By Steve Silverman
(CBS) — Pressure is a fact of life in the NFL, and no players feel it more than starting quarterbacks.
The best players in the league are charged with leading their teams to wins in the regular season and piling up enough of them so they qualify for the postseason tournament.
It may look like it’s about throwing the ball for yardage and touchdowns, but that’s not the main part of the job. An effective quarterback has to turn his team into a consistent winner.
Obviously, many of the factors that lead to victory or defeat are out of a quarterback’s control. However, if the quarterback does not do his job, it’s nearly impossible for a team to win consistently.
So every quarterback faces pressure. Whether he’s a multiple Super Bowl winner like Tom Brady, a record-setter like Drew Brees or the super-accurate Aaron Rodgers, pressure is a constant companion.
But here are the quarterbacks facing the most pressure heading into 2013. All of them have a chance to play for winning teams this year, and if they don’t, hard questions will be asked at the end of the season.
Jay Cutler, Chicago Bears – Cutler is in the final year of his contract ( $8.47 million in base salary), and the 2013 season is the turning point in his career. He’s being judged by a second-year general manager in Phil Emery and a first-year head coach in Marc Trestman. Cutler has the tools to be one of the best quarterbacks in the league. However, he’s made a lot of mistakes the last couple of seasons and his track record includes just one playoff win in six years. His passer rating has declined each of the last two seasons and it has never been higher than the 88.5 rating he put on the board as a rookie with the Denver Broncos in 2006.
While Cutler has had to contend with poor offensive lines, inconsistent play calling and a lack of talent at the receiver position, those are all seen as excuses this year. He must produce and the Bears must win. Why would Emery offer him a new deal for 2014 and beyond if he continues his stagnation? It would not make sense to go any further down the road with Cutler unless he can help the Bears climb in 2014.
Michael Vick, Philadelphia Eagles –The last year of the Andy Reid regime was a nightmare in Philadelphia, and it seemed that Vick was no longer the right man to have behind center. He appeared to have a very difficult time reading defenses as he would take two steps back after taking the snap and find himself under pressure. His throws were off-target and he seemed lost.
Chip Kelly is charged with turning the Eagles around and his fast-paced attack requires quickness, decisiveness and accuracy from the quarterback. Kelly has cast his lot with Vick, who has seemingly learned his role this summer. There’s a bit of a honeymoon going on between Kelly and Vick, and it’s likely to last for two games. If the Eagles attack is not percolating by late September, the heat will be on Vick.
Matt Ryan, Atlanta Falcons – Why would there be pressure on Ryan, who was one of the best regular-season passer in the league last year? Because the Falcons did not play for the NFC championship and failed in the playoffs once again. Ryan threw for 4,719 yards in the regular season and completed 68.6 percent of his passes while compiling a 32-14 TD-interception ratio. Ryan has had three straight excellent regular seasons, but his playoff performance has been poor. That creates overwhelming pressure. He will feel mind-numbing heat ntil the Falcons get to a Super Bowl.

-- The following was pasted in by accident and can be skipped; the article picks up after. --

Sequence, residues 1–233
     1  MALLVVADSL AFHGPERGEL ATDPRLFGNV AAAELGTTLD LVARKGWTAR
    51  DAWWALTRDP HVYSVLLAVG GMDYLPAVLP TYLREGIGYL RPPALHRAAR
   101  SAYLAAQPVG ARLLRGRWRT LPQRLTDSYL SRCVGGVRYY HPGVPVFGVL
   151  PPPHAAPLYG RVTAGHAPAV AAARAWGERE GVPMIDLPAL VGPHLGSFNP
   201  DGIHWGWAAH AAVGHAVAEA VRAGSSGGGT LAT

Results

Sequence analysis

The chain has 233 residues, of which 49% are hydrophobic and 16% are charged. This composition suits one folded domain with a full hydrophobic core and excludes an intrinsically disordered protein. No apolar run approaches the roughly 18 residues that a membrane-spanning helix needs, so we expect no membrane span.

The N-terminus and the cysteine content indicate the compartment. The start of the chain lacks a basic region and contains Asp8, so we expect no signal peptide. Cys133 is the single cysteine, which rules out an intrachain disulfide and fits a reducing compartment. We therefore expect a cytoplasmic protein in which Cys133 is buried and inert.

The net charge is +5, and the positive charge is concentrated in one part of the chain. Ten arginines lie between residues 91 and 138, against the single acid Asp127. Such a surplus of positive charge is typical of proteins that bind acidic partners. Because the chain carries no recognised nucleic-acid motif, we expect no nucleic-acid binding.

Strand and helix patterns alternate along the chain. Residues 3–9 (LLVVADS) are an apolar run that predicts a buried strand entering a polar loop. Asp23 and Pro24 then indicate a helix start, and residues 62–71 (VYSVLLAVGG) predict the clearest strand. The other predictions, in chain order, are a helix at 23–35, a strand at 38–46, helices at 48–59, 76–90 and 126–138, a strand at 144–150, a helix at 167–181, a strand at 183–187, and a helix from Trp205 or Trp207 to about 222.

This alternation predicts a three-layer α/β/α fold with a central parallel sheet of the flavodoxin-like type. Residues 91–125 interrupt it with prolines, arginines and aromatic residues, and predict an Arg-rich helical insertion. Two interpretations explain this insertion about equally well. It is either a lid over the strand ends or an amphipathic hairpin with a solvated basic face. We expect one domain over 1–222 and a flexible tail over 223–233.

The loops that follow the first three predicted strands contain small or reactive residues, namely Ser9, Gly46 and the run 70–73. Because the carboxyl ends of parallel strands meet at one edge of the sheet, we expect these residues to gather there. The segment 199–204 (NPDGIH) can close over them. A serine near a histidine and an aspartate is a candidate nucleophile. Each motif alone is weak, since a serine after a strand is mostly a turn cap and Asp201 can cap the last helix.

Colin Kaepernick, San Francisco 49ers – No player improved more than Kaepernick last year. Not only did he take the starting job from a good quarterback in Alex Smith at midseason, he led the 49ers to the NFC Championship. He completed 136-of-218 passes for 1,814 yards with 10 touchdowns and 3 interceptions. His ability to run with the ball separates him from nearly every other quarterback in the league. He appears to have the full package. Now he must prove it for a full season.
There’s a huge difference between last year’s underdog status and this year’s king of the hill mentality. The expectations include winning a Super Bowl. It’s all on Kaepernick’s shoulders this year, and there’s no avoiding the pressure.
Eli Manning, N.Y. Giants – There’s a big difference between Manning and the other quarterbacks on this list. Manning has two Super Bowl rings and there’s no doubting his ability to perform on the biggest stage. Both of his Super Bowl wins came against Brady and the Patriots when the Giants had to come from behind in the late stages to earn the wins.
Clutch player? No doubt. However, he has been stagnant in the regular season. The Giants failed to make the playoffs in 2010 and 2012, and Manning’s inability to play consistently is a big reason. The media does not focus on him because of his past Super Bowl success, but he will lose his elite status if the Giants don’t make it back to the playoffs again. They may have other concerns besides quarterback, but it’s Manning’s responsibility to get the Giants back to the playoffs.
Steve Silverman is an award-winning writer, covering sports since 1980. Silverman was with Pro Football Weekly for 10 years and his byline has appeared in the Wall Street Journal, Playboy, NFL.com and The Sporting News. He is the author of four books, including Who’s Better, Who’s Best in Football — The Top 60 Players of All-Time. Follow him on Twitter (@profootballboy) and read more of his CBS Chicago columns here.